April 26, 1998 |
Spurred by a new emphasis on ridding neighborhoods of nuisance crime and drug dealing, Philadelphia police are making many more arrests than usual, raising concerns about whether the courts and prisons can handle the volume. Total arrests across the city are up 15 to 25 percent from last year. That translates to an extra 200 to 300 suspects booked and fingerprinted each week. The effects are rippling through the criminal justice system. In Municipal Court, where preliminary hearings and misdemeanor trials are held, the caseload is up 30 percent since the beginning of the year.
January 27, 1992 |
Chocolate croissants and Gitanes cigarettes, bread and butter. Sam's Place. The very name of the grocery store is inviting, casual, hip - much like the neighborhood. But things have changed at the decades-old landmark on 45th Street off Pine, in the idealistic and eclectic heart of University City. Metal grates were put up over the windows. A shuttered gate was installed over the door. Surveillance cameras were set up next to the toilet paper. And the owner and night manager started carrying guns.
July 12, 2014 |
Teens who commit crimes often age out of such conduct by their mid-30s, criminologists say. Apparently, no one told Kevin Green. Green's adult criminal career began at age 18 in 1975. By the late 1980s, he was in one of the city's most feared drug gangs, and was involved in a shooting war with the more-feared "Junior Black Mafia. " Green was 36 when he escaped a life sentence for murder - he got seven to 15 years - in the notorious 1989 shooting of Donald Branch, a Cheltenham computer software expert dining at Tobin's Inn in West Oak Lane.
May 9, 2013 |
TRENTON - New Jersey Attorney General Jeffrey S. Chiesa gave a spirited defense Tuesday of the state's gun-buyback program, asserting that thousands of potential crime weapons have been taken off the street. Chiesa, in testimony before the Assembly budget committee, acknowledged criticism from some quarters that the program had little impact on crime, but insisted that "gun buybacks are helping to make New Jersey safer, and because they're paid for with criminal forfeiture funds, they don't cost the taxpayers a penny.
November 16, 1998
There are two common responses to street crime in our communities. We either throw up our hands or ball up our fists. Throwing up our hands puts us in a posture of resignation. Balling up our fists puts us in peril. But the three-day "Conference on Preventing Crime in the Black Community," which ended Saturday, brought together a group of activists who offered a third response. They rolled up their sleeves. Street crime is our problem, and not just in the black community. In convening the conference, State Sen. Hardy Williams and State Attorney General Mike Fisher were not making the point that street crime is a problem peculiar to black communities or perpetrated solely by black criminals.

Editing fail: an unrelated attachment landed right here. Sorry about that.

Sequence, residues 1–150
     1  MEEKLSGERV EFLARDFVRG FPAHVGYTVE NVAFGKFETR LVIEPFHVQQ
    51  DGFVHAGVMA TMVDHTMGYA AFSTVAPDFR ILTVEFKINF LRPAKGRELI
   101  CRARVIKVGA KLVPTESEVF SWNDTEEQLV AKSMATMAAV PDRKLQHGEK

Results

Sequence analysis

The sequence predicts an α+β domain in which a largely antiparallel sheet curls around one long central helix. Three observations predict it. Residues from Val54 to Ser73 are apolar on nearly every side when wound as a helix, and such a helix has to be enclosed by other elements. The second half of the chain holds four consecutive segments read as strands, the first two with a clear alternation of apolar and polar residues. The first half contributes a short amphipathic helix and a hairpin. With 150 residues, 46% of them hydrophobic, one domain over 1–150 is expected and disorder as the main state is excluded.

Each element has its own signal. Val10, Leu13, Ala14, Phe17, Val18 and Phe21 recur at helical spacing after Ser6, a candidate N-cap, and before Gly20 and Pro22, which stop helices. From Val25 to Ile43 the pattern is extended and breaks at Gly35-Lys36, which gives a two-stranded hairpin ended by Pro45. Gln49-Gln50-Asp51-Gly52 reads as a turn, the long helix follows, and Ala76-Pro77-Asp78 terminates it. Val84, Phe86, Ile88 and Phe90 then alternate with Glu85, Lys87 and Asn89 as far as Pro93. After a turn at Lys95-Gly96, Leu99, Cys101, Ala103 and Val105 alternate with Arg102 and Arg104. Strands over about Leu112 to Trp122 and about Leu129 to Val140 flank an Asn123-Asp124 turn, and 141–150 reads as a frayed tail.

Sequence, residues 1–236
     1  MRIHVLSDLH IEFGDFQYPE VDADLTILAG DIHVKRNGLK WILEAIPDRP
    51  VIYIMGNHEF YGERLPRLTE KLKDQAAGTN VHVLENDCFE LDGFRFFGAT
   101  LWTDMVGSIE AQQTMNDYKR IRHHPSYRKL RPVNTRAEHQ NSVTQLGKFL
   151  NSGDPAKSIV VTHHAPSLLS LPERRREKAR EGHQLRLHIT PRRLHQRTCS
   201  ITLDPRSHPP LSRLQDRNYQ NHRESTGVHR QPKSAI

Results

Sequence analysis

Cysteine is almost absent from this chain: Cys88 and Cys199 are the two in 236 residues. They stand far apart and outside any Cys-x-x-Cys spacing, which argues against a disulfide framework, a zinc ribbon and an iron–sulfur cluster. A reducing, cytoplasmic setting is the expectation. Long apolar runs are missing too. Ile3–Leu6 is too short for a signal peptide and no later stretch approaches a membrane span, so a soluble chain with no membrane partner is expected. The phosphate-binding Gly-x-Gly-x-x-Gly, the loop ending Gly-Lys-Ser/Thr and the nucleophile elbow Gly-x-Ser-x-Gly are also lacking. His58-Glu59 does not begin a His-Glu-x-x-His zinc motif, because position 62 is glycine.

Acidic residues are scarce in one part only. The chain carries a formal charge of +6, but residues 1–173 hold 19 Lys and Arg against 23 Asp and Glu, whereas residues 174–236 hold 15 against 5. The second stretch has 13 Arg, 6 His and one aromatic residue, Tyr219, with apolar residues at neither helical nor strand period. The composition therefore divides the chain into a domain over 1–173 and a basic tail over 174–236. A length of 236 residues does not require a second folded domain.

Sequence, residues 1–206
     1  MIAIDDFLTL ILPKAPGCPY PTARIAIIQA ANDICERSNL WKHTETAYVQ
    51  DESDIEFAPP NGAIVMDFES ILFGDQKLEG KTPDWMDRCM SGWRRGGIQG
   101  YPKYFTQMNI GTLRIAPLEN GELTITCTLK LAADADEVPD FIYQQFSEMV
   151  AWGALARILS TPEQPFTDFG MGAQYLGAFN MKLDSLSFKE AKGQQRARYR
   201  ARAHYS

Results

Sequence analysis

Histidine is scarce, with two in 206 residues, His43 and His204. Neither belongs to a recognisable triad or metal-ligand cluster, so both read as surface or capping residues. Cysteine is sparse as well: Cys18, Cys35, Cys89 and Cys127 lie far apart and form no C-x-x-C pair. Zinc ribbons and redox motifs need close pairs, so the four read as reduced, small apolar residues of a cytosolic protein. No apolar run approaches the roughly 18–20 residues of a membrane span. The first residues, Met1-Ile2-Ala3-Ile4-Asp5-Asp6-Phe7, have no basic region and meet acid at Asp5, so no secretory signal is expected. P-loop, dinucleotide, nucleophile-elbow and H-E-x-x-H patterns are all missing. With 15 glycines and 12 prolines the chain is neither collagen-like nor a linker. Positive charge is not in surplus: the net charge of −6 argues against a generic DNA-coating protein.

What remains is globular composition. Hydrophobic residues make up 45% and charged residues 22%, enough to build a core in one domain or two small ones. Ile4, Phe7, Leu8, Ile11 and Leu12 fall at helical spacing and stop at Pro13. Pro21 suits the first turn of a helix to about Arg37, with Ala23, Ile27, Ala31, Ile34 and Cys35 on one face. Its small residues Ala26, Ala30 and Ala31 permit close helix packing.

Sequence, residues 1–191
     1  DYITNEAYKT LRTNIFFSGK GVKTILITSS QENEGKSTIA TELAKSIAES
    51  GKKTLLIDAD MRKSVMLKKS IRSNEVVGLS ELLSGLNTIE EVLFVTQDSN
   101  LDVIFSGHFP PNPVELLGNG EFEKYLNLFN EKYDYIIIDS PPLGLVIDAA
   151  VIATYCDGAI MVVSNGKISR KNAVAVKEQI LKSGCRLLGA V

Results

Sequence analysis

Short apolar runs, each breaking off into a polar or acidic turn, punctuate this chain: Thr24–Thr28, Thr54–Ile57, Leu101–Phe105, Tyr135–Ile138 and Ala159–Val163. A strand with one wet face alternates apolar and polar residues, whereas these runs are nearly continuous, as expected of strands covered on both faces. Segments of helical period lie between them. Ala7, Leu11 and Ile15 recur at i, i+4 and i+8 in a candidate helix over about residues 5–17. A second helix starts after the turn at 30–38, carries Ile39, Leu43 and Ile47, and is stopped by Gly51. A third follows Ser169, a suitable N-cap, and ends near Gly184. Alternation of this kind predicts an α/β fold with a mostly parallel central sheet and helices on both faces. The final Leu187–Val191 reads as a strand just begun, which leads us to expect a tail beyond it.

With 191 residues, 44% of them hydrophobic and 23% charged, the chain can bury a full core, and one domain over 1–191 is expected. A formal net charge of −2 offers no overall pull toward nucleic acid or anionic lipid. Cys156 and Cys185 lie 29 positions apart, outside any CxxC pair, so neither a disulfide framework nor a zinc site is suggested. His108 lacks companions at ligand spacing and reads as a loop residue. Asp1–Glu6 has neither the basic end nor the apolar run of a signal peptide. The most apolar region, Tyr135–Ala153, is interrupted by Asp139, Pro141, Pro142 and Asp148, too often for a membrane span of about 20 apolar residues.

August 8, 2013 |
Violent street crime in Camden dipped in the first three months that the city has been patrolled by a newly formed Camden County-run police force, particularly in two neighborhoods where the initial effort was concentrated, officials said Tuesday. Citywide, daytime nonfatal shootings decreased 44 percent, from 39 victims to 22 from May 1 - the force's start date - to July 31 compared with the same period last year, according to crime statistics issued by the new force and titled "Marks of Progress.
July 9, 2013
THE BEST PART of Philadelphia are the people who live here. My wife and I have lived here for 35 years. There isn't one part of the city we haven't visited, and they all have provided positive results. Our neighborhood in Roxborough is everything urban living is all about. We frequent Latino and Asian supermarkets, and that makes food shopping a real experience. The kindness and understanding is off the charts. My wife is Latina and I lived overseas, so we go everywhere. Sure, we take part in the Art Museum and all the ArsNova shows, but it is at street level that Philly rules!
July 3, 2008 |
Crediting tips from citizens who have had enough of crime, Philadelphia police yesterday showed off an impressive heap of illicit drugs, guns and money gathered from across the city in just one day, along with a new way drug dealers are hiding cocaine. Chief Inspector Teri Clark of the police narcotics bureau stood behind a table bearing what she said were $400,000 worth of cocaine and marijuana, $80,000 in cash, and 15 weapons, including 10 handguns and an AK-47 "pitched out a window" during a police raid.
January 16, 1986 |
Charles Horace sat in the balcony of the Jones Memorial Baptist Church in North Philadelphia last night, listening to the suggestions of top city officials on how to combat the violent crime that has plagued his community in the past two months. Horace told the 200 people attending the anti-crime meeting that increased Town Watch patrols and the use of Freon warning horns were good countermeasures to street crime, but he said he has his own solution. "I started carrying a hammer," he said.
October 21, 1999 |
Breathing new life into an aging downtown and reducing street crime and drug sales was the common thread linking mayoral and council candidates during last night's election debate. "I think we can clean up the community," said Mayor Alvin G. Shpeen, 68, a Democrat who has served as mayor since David Dougherty vacated the post in February. "Clean up your yard. Clean up your curbside, and we'll help you do that with grants," Shpeen said. The town has received two grants for a total of $450,000 this year, Shpeen said, which will be used to restore dilapidated storefronts, as well as install lighting and new sidewalks.